Hamstring Strain vs. Sciatica

Posted On: September 1, 2017

This is the nineteenth case review from my past practice. I am Dr. David Johnson a chiropractor and physical therapist in Highland Park and Lake Bluff. I am the director of North Shore Spinal and Sports Rehabilitation. I started as a chiropractor in Lake Forest Il in 1988. I integrated physical therapy into my practice in 1990.

This is a composite case one that has played out in my practice with many a distance runner in my practice over the years. The case I am going to describe is a 35-45 year old, male who comes in with a “hamstring strain” on a particular side that has been bothering them for 3-4 months.

I typically ask them how did you strain your hamstring? The response is typically, “I don’t know it just started acting up one day.” I then ask does it hurt when you run up hills. This type of patient will typically respond that it doesn’t and that running actually makes it feel better. I then ask does it hurt on long car rides? Often times the answer is yes that long car rides are the worst.

I proceed with my exam. I will have them lie on their back and raise their leg stretching the hamstring. I will elevate slowly to see if it starts to bother them. If it does I stop and have them push their heel into my hand with about 10% of their effort. I hold my hand in place. In 9 out of 10 cases this relieves their discomfort. I then pull on their foot to flex the ankle. If this increases their pain I know it’s not their hamstring.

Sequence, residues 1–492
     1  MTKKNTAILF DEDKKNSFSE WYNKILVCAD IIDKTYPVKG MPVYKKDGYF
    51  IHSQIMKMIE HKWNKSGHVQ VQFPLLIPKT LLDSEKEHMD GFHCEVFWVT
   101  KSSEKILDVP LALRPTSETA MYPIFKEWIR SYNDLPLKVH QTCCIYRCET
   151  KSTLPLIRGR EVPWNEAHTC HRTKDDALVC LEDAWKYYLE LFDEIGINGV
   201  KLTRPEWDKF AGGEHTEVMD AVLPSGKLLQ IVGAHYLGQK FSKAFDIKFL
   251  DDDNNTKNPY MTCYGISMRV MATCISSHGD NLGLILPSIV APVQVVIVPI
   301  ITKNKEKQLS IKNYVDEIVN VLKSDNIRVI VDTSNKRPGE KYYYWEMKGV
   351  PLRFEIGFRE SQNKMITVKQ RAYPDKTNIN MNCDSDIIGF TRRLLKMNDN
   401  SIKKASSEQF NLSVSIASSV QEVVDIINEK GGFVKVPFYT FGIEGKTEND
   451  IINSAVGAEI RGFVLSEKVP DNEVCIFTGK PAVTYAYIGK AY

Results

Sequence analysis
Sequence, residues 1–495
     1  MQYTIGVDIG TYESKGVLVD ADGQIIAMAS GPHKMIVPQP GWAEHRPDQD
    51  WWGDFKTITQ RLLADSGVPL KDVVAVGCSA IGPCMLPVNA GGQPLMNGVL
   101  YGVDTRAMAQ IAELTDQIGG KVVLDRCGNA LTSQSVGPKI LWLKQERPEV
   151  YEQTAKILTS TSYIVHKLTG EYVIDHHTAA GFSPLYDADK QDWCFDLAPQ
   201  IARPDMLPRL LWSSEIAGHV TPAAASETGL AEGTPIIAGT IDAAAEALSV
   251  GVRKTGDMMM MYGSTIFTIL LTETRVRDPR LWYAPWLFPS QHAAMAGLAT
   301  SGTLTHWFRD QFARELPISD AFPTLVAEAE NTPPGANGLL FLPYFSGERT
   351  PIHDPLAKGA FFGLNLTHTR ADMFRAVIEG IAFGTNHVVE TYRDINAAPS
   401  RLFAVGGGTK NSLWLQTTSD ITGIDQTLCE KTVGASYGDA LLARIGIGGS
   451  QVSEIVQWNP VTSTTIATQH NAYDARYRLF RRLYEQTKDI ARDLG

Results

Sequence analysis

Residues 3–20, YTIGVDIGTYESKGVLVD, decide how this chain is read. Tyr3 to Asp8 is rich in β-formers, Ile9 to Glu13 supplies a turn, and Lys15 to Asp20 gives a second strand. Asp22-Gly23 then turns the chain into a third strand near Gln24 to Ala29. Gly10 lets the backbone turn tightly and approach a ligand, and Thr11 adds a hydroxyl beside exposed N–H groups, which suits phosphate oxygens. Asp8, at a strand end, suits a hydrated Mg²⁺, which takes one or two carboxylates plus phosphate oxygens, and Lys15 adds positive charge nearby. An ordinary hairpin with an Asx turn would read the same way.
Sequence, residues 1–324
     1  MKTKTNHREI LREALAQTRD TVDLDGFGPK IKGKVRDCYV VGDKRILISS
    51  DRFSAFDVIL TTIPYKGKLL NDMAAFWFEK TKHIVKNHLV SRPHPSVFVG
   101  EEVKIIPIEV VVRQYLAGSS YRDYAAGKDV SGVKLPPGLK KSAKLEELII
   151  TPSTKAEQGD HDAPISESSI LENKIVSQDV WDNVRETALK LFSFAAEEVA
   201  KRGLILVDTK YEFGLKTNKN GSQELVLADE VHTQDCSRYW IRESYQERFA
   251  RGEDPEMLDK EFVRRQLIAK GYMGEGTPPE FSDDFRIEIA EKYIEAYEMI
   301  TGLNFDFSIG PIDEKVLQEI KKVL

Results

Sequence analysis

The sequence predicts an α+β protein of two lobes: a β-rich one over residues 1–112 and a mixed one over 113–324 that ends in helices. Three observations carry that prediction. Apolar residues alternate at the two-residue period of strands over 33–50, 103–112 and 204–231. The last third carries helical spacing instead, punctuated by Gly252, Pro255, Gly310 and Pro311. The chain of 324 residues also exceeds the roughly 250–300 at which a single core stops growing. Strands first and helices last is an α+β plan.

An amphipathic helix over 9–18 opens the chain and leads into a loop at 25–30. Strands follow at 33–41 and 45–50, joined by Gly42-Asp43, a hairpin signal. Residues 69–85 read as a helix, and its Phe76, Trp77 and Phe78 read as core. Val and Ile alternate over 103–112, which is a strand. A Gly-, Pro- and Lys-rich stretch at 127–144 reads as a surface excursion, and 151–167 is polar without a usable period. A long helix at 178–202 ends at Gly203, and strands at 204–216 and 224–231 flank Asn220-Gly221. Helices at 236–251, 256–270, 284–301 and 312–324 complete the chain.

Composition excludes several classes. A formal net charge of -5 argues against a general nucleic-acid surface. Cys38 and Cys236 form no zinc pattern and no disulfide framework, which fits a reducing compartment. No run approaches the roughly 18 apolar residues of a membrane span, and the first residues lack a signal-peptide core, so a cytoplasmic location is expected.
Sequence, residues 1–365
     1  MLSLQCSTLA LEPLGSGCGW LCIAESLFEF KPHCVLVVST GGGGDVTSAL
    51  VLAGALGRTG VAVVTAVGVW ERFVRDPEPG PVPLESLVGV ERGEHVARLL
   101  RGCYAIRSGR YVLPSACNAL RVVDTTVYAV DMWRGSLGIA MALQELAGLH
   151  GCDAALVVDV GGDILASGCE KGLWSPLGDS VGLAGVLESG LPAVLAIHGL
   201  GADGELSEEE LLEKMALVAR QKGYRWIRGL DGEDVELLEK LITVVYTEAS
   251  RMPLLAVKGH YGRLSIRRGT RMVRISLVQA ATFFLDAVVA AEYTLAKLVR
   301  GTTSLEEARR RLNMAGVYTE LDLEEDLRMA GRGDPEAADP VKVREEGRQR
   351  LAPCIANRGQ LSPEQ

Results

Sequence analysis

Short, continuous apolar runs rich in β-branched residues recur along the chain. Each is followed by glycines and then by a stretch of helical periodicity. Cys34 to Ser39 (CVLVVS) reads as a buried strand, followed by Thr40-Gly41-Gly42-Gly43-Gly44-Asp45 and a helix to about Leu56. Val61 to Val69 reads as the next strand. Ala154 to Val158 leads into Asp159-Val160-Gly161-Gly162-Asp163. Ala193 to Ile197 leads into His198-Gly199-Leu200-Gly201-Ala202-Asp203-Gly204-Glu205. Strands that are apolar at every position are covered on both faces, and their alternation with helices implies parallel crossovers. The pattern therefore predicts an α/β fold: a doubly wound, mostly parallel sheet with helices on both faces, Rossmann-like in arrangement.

I explain to the patient you don’t have a chronic hamstring strain but rather a subtle sciatic problem. Typically I get some push back, at this point. I then explain that a hamstring strain usually has an acute injury at the start and hurts when you run up hill. I also explain that prolonged sitting in a forward flexed posture. Loads the discs of the lumbar spine and can provoke sciatic complaints causing sciatica. I then point out that when I had them contact their hamstrings it didn’t provoke their problem but when I put more tension on the sciatic nerve it did.

Then I examine their lumbar ranges of motion and perform appropriate neurologic testing. Typically in this type of case the patient responds to extension orientated exercises like prone press ups popularized by the McKenzie Method. At North Shore Spinal and Sports Rehabilitation we then progress them into spinal stabilization and nerve mobilization.

These patients often respond quite favorably and have recovered within two-three months and continue to do well if they keep up with their home exercises.

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